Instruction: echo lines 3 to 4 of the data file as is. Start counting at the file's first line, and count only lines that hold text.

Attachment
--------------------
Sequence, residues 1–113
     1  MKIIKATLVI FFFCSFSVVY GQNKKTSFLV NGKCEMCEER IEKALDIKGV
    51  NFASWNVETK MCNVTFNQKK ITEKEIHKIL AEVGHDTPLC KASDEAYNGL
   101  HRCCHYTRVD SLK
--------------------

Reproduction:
    51  NFASWNVETK MCNVTFNQKK ITEKEIHKIL AEVGHDTPLC KASDEAYNGL
   101  HRCCHYTRVD SLK